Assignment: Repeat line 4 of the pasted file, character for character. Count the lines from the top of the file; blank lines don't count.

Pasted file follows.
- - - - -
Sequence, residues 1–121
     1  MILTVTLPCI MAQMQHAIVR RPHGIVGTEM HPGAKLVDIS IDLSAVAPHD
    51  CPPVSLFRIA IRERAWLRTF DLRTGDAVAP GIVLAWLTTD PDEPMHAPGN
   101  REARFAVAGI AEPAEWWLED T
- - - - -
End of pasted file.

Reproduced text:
   101  REARFAVAGI AEPAEWWLED T